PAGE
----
Kiyoken Yokohama Factor

675-1 Kawamukocho, Tsuzuki Ward, Yokohama, Kanagawa Prefecture 224-0044


Mentai Park Oarai

8255-3 Isohamacho, Oarai, Higashiibaraki District, Ibaraki 311-1301



How to Get There


The Cup Noodles Museum is located on the Yokohama waterfront in Kanagawa Prefecture. It is an eight-minute walk from Minatomirai Station and Bashamichi Station on the Minatomirai Line and a 12-minute walk from JR Sakuragicho Station on the Keihin-Tohoku Line, Negishi Line, and Yokohama Municipal Subway Blue Line.


Kiyoken Shumai Yokohama Factory is located in Yokohama. From Shin-Yokohama Station, board a Yokohama municipal bus bound for Nakamachidai and disembark at Kohoku Inter bus stop. From there, it is a five-minute walk to the factory.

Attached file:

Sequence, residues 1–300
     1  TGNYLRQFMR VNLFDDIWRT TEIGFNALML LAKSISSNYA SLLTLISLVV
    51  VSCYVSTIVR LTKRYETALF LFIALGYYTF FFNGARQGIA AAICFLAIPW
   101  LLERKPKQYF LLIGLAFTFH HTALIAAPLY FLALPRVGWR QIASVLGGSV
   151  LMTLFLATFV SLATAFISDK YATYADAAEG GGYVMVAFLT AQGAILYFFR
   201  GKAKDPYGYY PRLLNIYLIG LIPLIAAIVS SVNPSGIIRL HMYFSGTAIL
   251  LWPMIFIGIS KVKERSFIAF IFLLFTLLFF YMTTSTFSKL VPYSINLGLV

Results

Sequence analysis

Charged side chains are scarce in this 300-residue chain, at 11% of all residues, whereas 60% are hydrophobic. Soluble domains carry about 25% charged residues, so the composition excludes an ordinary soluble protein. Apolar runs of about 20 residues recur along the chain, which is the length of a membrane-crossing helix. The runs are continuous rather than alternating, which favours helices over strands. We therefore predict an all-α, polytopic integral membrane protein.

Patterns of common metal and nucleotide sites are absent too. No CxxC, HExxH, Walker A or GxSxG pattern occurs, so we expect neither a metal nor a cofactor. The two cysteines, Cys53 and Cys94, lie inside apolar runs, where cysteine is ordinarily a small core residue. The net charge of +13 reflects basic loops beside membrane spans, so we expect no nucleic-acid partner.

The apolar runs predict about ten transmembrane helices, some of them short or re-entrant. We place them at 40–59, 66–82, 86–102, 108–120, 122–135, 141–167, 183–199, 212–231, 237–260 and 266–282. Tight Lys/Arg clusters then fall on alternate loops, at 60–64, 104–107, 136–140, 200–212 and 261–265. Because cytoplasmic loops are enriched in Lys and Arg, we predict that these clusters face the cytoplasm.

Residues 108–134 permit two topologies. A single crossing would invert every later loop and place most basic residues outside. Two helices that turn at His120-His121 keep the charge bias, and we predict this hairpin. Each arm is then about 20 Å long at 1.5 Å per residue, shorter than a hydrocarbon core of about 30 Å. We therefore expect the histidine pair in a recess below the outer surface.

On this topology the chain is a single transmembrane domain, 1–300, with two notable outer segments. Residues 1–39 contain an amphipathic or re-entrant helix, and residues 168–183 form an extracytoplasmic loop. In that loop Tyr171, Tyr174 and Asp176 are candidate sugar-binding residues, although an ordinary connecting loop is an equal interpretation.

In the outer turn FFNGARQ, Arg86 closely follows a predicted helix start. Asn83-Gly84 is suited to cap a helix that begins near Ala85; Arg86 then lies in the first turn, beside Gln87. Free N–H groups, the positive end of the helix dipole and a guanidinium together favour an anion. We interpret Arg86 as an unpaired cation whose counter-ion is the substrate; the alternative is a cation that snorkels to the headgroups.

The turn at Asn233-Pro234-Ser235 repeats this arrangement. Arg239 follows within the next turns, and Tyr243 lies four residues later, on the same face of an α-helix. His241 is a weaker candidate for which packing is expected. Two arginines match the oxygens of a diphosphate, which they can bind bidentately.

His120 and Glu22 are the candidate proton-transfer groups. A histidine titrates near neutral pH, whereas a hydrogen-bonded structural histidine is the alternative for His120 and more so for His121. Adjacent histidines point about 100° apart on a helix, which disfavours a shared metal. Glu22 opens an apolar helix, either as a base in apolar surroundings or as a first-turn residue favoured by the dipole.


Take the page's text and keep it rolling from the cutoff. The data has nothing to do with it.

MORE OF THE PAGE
Mentai Park is located on the Oarai waterfront in Ibaraki Prefecture. To reach Oarai from Tokyo, board a Hitachi limited express train and transfer in Mito to the Kashima Rinkai Tetsudo Oarai-Kashima Line. Disembark at Oarai Station. From there, it is a 20-minute walk to Mentai Park.


Recommended Itineraries


Yokohama is a great city in which to spend the day. Find thrills at Yokohama Cosmoworld, an amusement park located across from the Cup Noodles Museum, or spend time wandering the waterfront area from the Red Brick Warehouse to Yamashita Park. Leave the city for a trip back in time in Kamakura, former capital of Japan and home of the Great Buddha, as well as a number of temples and shrines.